Greater ease of use, especially for portable 3D laser scanners, is another factor that both speeds the measurement and documentation process and is helping encourage wider adoption of the technology. "In prior years, you needed to be an expert in engineering or CAD to understand how to use the device, know what kind of measurements you need, et cetera," says FARO's Hardy. Today's laser scanners, with touchscreen design, are designed to be exceptionally operator-friendly and ready for use within minutes.
The compact size of portable new scanning devices can appeal from other practical perspectives. Of note for engineers and technicians who may want to travel with the devices to perform inspections at multiple facilities, tools like FARO's Focus 3D products can fit in a bag stored in an airplane's overhead compartment. Individuals traveling with a piece of equipment worth tens of thousands of dollars tend to want to be within arm's reach of it, Hardy notes.
An additional benefit offered by today's more-accurate 3D scanners? They can help manufacturers accept imperfection, so to speak: 3D scanning can aid in adjusting a product mold to correct for very small warpages that result in the manufacturing process. "3D scanning allows you to build corrections around that," Knicker says. "When the warpage is taken into account, you wind up with pretty much exactly what you want."
What to look for
Measurement sometimes gets overlooked in terms of manufacturing investments, Aubrey says. But as more manufacturers see the quality control (re: cost savings) benefits that 3D scanning offers – and as prices come down – that may finally change, he says.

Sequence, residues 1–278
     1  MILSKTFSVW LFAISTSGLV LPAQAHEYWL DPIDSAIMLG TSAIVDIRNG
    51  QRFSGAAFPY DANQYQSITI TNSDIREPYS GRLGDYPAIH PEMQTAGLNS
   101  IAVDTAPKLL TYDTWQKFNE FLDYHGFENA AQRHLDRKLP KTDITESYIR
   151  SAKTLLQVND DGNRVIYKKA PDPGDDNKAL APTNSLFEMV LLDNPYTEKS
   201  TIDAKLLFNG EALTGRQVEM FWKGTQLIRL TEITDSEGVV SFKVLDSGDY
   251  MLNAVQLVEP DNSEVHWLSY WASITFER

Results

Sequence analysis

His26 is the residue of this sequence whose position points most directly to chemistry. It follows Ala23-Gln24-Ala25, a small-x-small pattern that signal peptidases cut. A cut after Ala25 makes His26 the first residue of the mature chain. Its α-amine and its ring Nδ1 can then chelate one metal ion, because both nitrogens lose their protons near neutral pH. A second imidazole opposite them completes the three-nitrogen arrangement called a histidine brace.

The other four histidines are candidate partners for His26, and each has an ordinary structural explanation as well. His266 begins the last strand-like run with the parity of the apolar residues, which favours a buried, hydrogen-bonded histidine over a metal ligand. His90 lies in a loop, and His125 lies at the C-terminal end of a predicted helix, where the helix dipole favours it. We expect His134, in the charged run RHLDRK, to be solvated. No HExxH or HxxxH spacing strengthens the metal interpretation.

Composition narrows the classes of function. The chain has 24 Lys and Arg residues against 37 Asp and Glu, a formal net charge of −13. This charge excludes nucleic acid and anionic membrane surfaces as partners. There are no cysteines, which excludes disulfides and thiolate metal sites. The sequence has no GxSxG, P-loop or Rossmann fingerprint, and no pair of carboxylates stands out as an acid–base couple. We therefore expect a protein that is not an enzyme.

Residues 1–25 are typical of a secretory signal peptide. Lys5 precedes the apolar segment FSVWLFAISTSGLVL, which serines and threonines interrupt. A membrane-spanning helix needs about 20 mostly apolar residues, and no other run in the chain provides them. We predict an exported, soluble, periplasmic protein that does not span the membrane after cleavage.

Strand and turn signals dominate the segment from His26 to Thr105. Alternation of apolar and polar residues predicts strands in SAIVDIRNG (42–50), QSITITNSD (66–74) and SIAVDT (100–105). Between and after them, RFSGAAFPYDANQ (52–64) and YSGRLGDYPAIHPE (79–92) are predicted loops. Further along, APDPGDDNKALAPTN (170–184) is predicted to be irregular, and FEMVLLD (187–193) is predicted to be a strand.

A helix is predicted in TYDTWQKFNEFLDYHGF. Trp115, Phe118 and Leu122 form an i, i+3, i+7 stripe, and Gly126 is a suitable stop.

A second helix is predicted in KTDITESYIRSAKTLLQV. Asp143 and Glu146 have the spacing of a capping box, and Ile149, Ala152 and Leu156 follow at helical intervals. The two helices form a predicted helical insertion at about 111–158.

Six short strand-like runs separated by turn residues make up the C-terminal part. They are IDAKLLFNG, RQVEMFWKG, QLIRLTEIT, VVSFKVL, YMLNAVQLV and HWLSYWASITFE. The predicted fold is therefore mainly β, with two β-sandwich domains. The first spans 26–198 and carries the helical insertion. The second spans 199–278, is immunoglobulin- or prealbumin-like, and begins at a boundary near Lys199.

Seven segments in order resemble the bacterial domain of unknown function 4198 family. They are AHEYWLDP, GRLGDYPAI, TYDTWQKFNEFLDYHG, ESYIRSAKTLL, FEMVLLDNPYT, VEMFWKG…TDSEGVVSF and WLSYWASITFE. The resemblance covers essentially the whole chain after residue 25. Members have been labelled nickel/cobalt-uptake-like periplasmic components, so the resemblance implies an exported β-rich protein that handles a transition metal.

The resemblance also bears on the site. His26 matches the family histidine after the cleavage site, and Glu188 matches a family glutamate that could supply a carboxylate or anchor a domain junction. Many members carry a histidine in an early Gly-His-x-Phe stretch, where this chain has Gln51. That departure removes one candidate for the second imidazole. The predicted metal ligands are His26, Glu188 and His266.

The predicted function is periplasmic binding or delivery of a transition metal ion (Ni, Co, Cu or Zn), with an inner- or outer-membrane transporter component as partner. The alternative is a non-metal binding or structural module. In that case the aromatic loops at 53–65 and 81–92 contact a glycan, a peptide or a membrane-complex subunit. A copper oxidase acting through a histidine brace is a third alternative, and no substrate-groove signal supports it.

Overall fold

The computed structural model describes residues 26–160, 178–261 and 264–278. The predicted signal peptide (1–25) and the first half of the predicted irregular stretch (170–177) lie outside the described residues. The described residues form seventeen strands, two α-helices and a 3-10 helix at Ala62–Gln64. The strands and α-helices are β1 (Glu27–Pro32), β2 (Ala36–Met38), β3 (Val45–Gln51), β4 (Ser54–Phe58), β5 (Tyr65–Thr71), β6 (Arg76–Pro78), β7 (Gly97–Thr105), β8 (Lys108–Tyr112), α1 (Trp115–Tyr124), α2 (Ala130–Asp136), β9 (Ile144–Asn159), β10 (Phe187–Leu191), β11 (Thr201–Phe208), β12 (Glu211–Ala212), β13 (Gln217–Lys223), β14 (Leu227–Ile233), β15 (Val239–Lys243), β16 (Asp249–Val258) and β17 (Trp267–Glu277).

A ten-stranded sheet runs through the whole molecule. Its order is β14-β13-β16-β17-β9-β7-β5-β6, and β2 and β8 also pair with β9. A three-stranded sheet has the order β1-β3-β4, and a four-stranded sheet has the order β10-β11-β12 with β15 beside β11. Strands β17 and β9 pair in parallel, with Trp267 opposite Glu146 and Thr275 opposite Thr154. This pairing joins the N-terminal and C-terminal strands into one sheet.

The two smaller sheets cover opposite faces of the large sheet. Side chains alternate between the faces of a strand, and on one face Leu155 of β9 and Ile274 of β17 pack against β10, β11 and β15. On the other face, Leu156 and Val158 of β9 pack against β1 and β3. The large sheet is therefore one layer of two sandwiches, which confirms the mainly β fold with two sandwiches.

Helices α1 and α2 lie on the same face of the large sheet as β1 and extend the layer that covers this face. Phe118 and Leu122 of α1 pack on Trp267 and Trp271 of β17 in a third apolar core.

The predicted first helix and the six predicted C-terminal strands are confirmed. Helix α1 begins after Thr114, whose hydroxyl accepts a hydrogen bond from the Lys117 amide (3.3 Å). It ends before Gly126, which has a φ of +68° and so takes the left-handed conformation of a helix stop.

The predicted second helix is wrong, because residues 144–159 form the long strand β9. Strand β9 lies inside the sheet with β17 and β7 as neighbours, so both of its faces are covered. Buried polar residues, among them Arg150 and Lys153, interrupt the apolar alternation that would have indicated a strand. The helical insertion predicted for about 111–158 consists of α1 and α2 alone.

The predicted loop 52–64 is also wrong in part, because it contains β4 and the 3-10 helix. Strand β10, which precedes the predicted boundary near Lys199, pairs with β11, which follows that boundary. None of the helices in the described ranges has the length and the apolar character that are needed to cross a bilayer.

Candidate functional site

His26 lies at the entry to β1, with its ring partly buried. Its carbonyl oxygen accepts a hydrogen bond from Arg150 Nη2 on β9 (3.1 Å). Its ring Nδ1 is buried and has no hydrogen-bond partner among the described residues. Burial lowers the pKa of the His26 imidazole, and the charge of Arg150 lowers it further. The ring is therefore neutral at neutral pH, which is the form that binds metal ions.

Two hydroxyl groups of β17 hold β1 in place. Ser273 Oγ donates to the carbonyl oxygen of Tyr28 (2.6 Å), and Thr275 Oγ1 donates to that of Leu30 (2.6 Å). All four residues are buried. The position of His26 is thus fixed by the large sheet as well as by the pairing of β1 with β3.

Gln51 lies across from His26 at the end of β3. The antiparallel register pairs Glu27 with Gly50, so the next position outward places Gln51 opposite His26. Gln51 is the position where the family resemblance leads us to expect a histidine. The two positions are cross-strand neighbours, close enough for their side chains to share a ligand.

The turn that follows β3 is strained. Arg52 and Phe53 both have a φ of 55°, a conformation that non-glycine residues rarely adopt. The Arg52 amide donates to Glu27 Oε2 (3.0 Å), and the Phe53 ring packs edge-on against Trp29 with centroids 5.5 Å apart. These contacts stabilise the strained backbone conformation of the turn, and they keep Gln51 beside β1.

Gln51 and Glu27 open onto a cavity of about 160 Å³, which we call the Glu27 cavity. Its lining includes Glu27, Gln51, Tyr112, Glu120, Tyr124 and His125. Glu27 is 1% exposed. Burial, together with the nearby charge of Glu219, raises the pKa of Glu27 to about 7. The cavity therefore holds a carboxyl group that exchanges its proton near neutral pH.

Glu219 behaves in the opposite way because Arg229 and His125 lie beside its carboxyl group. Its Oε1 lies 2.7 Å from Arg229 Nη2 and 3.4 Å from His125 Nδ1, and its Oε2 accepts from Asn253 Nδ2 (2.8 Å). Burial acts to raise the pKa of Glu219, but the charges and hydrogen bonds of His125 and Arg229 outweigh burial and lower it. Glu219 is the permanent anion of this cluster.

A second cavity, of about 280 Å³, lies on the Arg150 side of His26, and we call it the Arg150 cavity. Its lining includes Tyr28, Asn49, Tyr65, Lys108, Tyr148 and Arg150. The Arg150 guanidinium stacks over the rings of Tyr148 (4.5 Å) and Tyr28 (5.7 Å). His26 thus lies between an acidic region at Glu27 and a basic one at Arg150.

The manufacturing industry will see plants "jump a couple of generations of technology" to take advantage of the major advances in 3D scanning, Aubrey says. "It's just a huge jump in performance," he adds.
"I think people are realizing, 'Oh, this does work,' and in many cases it's a good way to do inspection," says Daniel Howe, regional development manager for the Americas at LMI Technologies. The opportunity to automate 3D scanning and sensing tasks through incorporation with robotic elements also represents a step forward in creating smarter, faster, more efficient plants.
"I really think it takes an open mind by a user that this technology can work and does work," Howe says. And while 3D scanning doesn't work for everything, he says, "it's getting more flexible, more affordable, and it comes with a greater amount of embedded solutions."
"When you think of asset management, you think of a living, breathing thing that a (plant director) wants to manage," adds FARO's Hardy. 3D scanning provides "a living inventory that can be created off of the scanning data," he says.
The pace of change in the 3D scanning field is such that Q-PLUS's Knicker cautions warns those standing on the sidelines against paralysis by analysis. "In the end it's like a lot of things," Knicker says. "You can study it and study it and study it, and eventually you just have to dive in."